By Jennifer Peltz and Peter Svensson
The vast destruction wreaked by the storm surge in New York could have been prevented with a sea barrier of the type that protects major cities in Europe, some scientists and engineers say.
"The time has come. The city is finally going to have to face this," said oceanography professor Malcolm J. Bowman at Long Island's Stony Brook University. He has warned for years of the potential for a catastrophic storm surge in New York and has advocated for a barrier.
Invited by Bowman and his colleague Douglas Hill, two European engineering firms have drawn up proposals for walling most of New York off from the sea, at a price just above $6 billion.
"With the kind of protection that has been considered so far, you cannot protect a multimillion-inhabitant city that runs part of the world economy," said Piet Dircke, who has worked on the extensive system of sea barriers in the Netherlands with the Dutch engineering firm Arcadis.
His firm's proposal is to build a barrier in the Narrows near the Verrazano Bridge between Brooklyn and Staten Island, shielding Upper New York Bay. It would be supplemented by two smaller barriers, one between Staten Island and New Jersey and the other on the East River.
Such a barrier would have protected Manhattan and much of Brooklyn and Staten Island from Sandy, but left southern Brooklyn and Kennedy Airport exposed.
Graeme Forsyth of CH2M Hill in Glasgow has worked on St. Petersburg's barrier, which consists of 16 miles of levees and gates shielding the city, built on what was once a swamp, from the Baltic Sea and the river Neva.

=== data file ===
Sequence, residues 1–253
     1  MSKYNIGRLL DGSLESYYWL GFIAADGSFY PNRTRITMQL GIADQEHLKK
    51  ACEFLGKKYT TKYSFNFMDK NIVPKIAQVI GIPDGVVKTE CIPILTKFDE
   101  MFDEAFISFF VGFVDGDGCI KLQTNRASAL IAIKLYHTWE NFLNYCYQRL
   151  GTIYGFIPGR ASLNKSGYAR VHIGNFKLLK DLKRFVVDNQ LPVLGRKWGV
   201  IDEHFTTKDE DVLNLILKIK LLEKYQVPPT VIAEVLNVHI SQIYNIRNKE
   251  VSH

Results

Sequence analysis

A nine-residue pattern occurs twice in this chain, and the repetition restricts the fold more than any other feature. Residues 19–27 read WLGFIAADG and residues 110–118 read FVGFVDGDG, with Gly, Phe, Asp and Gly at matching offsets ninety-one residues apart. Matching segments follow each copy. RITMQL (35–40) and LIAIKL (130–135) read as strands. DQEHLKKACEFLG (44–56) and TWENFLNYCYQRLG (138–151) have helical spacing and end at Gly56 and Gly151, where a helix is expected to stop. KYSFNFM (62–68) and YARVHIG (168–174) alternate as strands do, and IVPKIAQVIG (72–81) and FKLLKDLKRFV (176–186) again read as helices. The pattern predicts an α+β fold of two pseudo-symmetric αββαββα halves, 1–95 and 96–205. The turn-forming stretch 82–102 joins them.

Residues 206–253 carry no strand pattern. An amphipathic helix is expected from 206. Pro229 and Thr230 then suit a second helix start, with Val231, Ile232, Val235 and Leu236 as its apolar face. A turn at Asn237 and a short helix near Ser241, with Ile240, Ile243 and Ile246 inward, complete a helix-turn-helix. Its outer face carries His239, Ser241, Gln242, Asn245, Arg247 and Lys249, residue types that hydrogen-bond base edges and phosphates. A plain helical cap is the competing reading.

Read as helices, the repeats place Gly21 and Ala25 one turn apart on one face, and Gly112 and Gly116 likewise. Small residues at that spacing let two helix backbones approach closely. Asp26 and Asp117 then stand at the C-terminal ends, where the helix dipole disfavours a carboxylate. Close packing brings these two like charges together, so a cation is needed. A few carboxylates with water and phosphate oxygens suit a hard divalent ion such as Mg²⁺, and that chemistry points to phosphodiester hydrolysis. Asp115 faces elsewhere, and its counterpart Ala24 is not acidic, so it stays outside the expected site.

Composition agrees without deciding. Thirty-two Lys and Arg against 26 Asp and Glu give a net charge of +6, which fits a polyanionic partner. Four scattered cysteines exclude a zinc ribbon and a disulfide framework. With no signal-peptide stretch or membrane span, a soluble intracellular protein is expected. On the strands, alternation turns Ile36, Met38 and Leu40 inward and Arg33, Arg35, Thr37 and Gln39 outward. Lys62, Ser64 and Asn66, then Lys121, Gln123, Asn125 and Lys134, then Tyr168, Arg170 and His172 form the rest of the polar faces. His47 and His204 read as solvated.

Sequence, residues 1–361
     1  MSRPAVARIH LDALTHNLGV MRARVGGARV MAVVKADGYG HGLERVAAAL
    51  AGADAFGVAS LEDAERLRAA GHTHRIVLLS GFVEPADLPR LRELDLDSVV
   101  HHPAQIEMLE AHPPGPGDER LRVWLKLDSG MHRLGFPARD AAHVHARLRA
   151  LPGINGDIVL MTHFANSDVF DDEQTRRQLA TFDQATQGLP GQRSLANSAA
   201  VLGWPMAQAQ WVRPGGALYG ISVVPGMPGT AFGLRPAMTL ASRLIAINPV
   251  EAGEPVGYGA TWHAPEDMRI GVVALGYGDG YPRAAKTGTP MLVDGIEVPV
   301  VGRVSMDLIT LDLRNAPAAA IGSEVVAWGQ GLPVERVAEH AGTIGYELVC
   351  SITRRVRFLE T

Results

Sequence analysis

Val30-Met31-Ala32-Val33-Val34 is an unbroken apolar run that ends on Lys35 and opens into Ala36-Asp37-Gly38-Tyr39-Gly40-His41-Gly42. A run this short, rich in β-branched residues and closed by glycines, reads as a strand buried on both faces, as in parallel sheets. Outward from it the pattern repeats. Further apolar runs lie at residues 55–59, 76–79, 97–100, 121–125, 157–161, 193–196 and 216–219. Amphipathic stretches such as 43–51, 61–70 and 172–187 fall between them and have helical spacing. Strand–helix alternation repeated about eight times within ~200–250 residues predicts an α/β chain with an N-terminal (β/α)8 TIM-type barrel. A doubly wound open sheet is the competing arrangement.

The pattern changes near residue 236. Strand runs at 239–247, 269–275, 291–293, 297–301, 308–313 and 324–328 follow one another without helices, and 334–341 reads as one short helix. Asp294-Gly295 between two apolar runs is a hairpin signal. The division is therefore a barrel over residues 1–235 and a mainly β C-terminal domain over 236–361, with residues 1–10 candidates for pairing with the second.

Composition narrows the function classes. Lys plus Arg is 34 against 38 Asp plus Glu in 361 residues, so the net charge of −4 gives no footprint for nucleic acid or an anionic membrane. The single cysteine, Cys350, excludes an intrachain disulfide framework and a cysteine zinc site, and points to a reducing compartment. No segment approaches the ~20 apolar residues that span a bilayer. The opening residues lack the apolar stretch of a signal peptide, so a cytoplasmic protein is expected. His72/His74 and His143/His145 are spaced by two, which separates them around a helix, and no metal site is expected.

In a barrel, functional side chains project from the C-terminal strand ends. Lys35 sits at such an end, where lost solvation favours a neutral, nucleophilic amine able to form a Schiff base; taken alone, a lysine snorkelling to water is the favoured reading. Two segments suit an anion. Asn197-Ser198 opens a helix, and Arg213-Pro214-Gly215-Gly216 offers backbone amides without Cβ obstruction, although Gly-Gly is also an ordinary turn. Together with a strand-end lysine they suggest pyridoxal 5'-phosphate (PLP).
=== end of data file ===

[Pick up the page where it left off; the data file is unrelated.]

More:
The centerpiece of his firm's early-stage proposal for New York is a levee-like barrier that would stretch five miles from the Rockaway peninsula in Queens on Long Island to the Sandy Hook promontory in New Jersey. The barrier would stop a surge of 30 feet, twice the height from Sandy. Gaps would allow ships, river water and tides through, but movable gates could close off all of New York Bay from the Atlantic when necessary.
The barrier would protect most of the city, with the exception of Rockaway itself. It would also shield parts of New Jersey.
Before the storm, Mayor Michael Bloomberg's administration had said it was working to analyze natural risks and the effectiveness of various coast-protection techniques, including storm-surge barriers.
But officials had noted that barriers were only one of many ideas, and they have often emphasized more modest, immediate steps the city has taken, such as installing floodgates at sewage plants and raising the ground level while redeveloping a low-lying area in Queens.
Engineers know this approach as "resilience" — essentially, toughening the city piece by piece to make it soak up a surge without major damage. But the European engineering firms see this as unrealistic, given the vast amount of expensive infrastructure that underpins New York.
Robert Trentlyon, a New York community activist who has been advocating for storm-surge barriers, sees the one-two punch of Hurricane Irene in 2011 — which came within a foot of flooding subway stations in southern Manhattan — and Sandy as a sign that the time has come.
"Having had two storm surges within one year, and their both being major ones, I just find it very difficult to think the city could not go ahead and act," the retired local newspaper publisher said by phone Sunday from his Chelsea apartment, which was left without power.